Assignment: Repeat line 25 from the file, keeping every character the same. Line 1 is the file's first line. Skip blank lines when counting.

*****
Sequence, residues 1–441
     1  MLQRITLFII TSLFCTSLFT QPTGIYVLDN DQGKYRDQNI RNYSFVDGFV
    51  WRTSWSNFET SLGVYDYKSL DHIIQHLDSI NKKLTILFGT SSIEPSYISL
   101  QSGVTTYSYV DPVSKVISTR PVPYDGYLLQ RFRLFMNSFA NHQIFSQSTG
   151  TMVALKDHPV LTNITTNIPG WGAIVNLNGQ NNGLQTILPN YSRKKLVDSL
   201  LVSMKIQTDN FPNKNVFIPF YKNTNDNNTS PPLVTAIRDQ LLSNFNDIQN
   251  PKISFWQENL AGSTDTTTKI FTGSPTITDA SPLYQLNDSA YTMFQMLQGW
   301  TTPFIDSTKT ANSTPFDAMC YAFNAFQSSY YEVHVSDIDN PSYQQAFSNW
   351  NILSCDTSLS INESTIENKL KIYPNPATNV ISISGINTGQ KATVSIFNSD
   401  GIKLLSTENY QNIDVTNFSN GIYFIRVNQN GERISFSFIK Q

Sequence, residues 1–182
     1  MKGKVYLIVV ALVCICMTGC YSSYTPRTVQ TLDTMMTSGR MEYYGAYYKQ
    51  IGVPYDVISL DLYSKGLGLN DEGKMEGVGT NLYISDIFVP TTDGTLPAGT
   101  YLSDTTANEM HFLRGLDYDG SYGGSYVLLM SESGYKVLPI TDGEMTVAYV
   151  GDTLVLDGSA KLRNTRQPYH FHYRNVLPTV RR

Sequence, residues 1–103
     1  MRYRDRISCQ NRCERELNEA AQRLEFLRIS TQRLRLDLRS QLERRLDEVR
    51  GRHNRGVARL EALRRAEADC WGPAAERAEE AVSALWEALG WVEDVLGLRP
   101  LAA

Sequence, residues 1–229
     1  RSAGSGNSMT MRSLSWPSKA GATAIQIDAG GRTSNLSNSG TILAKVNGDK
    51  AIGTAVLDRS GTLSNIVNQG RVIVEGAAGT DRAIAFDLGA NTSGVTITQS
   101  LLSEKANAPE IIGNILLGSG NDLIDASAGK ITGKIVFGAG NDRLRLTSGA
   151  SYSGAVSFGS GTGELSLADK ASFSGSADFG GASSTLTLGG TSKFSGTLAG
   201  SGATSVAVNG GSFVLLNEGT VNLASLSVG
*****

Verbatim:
   201  SGATSVAVNG GSFVLLNEGT VNLASLSVG